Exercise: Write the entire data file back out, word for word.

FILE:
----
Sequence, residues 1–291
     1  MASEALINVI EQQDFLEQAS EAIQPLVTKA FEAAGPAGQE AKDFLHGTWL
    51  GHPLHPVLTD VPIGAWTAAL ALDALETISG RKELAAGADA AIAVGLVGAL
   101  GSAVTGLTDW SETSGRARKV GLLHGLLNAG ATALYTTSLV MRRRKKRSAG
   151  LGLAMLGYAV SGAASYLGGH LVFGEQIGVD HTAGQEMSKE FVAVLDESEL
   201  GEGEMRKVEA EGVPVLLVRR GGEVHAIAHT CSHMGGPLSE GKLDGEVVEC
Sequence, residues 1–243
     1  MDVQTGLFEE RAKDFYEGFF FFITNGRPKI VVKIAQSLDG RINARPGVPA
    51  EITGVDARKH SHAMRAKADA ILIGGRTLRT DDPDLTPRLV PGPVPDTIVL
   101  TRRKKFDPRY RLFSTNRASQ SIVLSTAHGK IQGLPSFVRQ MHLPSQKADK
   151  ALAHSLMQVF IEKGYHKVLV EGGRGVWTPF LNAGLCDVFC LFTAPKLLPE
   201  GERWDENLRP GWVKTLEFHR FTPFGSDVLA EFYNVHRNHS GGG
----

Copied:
Sequence, residues 1–291
     1  MASEALINVI EQQDFLEQAS EAIQPLVTKA FEAAGPAGQE AKDFLHGTWL
    51  GHPLHPVLTD VPIGAWTAAL ALDALETISG RKELAAGADA AIAVGLVGAL
   101  GSAVTGLTDW SETSGRARKV GLLHGLLNAG ATALYTTSLV MRRRKKRSAG
   151  LGLAMLGYAV SGAASYLGGH LVFGEQIGVD HTAGQEMSKE FVAVLDESEL
   201  GEGEMRKVEA EGVPVLLVRR GGEVHAIAHT CSHMGGPLSE GKLDGEVVEC
Sequence, residues 1–243
     1  MDVQTGLFEE RAKDFYEGFF FFITNGRPKI VVKIAQSLDG RINARPGVPA
    51  EITGVDARKH SHAMRAKADA ILIGGRTLRT DDPDLTPRLV PGPVPDTIVL
   101  TRRKKFDPRY RLFSTNRASQ SIVLSTAHGK IQGLPSFVRQ MHLPSQKADK
   151  ALAHSLMQVF IEKGYHKVLV EGGRGVWTPF LNAGLCDVFC LFTAPKLLPE
   201  GERWDENLRP GWVKTLEFHR FTPFGSDVLA EFYNVHRNHS GGG